• profile image

      50 year old white guy 5 years ago

      Do you not agree with the idea of separation of church and state?

    • Brie Hoffman profile image
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      Brie Hoffman 5 years ago from Manhattan

      There is no such thing as separation of church and state..someone's ideology will prevail, it is only a matter of which one.

    • profile image

      50 year old white guy 5 years ago

      I believe in the separation of church and state. Churches... stay out of politics. Politics, stay out of the churches. Religious faith, or lack thereof, is between the individual and his or her God. Spread the good word, and get people to want to live accordingly? Absolutely! Mandate Christianity through the government? Absolutely NOT!

    • Brie Hoffman profile image
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      Brie Hoffman 5 years ago from Manhattan

      Yes, IF they have a mind to it!

    • Doodlehead profile image

      Doodlehead 5 years ago from Northern California

      You are right about this. But the preachers can get their points across if they put their minds to it!

    • profile image

      Scott 5 years ago

      *for the kingdom

    • profile image

      scott 5 years ago

      Don't vote at all preach Christ instead. Christ is the King of Kings and he has already selected who is going to rule America. John the Baptist and Elijah had nothing to do with the politics of man. They were politicians f the Kingdom of God.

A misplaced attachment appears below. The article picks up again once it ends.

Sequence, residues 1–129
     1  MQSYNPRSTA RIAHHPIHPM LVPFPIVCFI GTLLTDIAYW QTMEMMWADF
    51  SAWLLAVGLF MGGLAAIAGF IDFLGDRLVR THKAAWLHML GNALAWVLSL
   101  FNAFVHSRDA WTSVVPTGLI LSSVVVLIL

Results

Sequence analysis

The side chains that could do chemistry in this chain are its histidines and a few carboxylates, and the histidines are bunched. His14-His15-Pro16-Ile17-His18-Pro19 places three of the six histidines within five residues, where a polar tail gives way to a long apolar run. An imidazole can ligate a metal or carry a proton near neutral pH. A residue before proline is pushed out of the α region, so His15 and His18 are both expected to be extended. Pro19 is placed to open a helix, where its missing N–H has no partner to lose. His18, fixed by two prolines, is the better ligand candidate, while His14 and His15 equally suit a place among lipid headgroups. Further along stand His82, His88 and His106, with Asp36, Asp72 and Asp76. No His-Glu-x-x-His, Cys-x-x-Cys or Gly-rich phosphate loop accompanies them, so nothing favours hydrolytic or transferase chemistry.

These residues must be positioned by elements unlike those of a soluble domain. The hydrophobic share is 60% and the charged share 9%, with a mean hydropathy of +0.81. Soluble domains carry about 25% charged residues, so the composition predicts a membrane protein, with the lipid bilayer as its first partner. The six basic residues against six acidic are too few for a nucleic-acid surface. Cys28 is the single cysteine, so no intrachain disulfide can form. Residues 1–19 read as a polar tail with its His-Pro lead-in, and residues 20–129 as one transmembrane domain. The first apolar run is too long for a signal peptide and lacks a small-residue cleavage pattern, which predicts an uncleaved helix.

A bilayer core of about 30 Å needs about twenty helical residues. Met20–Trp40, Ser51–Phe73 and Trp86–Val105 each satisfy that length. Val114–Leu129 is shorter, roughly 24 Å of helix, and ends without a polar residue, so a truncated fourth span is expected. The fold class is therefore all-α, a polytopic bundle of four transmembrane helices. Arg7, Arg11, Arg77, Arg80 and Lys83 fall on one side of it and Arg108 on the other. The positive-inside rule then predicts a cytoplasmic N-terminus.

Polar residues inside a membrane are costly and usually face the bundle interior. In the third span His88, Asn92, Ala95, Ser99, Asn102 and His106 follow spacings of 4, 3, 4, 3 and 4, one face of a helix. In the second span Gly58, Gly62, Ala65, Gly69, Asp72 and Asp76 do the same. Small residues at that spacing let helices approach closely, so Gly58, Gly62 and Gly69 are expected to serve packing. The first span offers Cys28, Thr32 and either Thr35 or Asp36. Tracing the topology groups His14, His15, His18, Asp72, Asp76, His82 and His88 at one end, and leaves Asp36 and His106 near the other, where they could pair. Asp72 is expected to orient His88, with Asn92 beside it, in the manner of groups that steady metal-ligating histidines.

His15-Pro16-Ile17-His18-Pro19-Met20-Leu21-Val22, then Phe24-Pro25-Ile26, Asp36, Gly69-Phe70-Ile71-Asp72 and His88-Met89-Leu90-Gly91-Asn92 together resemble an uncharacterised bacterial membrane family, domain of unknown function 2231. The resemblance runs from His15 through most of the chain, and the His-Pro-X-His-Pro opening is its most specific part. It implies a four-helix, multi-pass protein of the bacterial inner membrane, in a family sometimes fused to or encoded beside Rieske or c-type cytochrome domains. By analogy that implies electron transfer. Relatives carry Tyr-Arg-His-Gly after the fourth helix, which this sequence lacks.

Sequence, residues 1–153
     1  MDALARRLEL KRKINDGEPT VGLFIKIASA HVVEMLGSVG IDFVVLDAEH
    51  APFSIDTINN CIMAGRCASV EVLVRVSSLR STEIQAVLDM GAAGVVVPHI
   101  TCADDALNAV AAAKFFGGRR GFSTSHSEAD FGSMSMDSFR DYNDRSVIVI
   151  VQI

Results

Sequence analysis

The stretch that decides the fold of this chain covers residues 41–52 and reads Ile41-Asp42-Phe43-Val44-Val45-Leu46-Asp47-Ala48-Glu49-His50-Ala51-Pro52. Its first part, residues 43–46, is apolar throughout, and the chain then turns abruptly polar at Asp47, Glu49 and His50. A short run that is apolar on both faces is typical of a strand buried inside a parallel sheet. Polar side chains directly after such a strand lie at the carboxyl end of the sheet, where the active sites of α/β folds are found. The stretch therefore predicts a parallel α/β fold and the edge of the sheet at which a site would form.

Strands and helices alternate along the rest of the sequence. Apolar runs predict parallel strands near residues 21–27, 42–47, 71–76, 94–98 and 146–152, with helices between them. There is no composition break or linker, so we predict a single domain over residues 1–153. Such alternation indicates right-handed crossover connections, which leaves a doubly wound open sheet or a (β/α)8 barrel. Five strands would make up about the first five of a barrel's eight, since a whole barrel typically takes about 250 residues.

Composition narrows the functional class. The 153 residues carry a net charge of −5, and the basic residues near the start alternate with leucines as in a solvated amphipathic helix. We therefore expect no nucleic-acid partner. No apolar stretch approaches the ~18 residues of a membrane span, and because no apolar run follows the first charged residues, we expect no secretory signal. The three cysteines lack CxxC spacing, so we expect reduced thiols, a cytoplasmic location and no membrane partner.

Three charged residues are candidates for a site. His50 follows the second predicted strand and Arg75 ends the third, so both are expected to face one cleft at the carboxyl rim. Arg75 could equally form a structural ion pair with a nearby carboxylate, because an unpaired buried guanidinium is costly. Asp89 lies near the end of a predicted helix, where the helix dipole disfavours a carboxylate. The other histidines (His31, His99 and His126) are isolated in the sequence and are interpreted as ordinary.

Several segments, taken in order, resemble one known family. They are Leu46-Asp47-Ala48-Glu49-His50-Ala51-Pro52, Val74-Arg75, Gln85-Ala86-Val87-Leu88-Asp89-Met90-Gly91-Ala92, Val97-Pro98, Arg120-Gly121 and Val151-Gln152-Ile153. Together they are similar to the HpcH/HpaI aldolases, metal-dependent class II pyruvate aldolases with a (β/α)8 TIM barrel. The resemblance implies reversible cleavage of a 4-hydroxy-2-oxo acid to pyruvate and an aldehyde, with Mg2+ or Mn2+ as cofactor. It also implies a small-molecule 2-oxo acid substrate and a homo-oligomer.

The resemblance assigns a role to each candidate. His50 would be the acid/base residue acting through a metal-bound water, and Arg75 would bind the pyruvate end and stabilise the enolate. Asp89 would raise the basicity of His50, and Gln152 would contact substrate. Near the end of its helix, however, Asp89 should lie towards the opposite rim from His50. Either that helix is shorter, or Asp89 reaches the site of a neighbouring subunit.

• Brie Hoffman profile image
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      Brie Hoffman 5 years ago from Manhattan

      Great, thanks a lot Mhatter99.

    • Mhatter99 profile image

      Martin Kloess 5 years ago from San Francisco

      Thank you for this... agree... thought i was alone... posted on FB

    • Brie Hoffman profile image
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      Brie Hoffman 5 years ago from Manhattan

      Thanks for the comments and the site reference Kristinite.

    • profile image

      kristinite 5 years ago

      http://www.jesus-is-savior.com/Evils%20in%20Govern... This site does a good job also of telling the mistake of having 501c3 status. to quote:" And your henpecked pastor legally cannot say a word or else he'll risk losing the church's 501C3 exempt status. It should be very clear to you Christian leaders why such tax-havens for churches were invented in the first place, that is, to silence the churches!!! No wonder God hates wicked inventions. Proverb:14:17, “...and a man of wicked devices is hated.” I simply couldn't accept a 501C3 state-sanctioned license, because I would be exposing their crimes from sun-up to sun-down as any concerned U.S. citizen should do."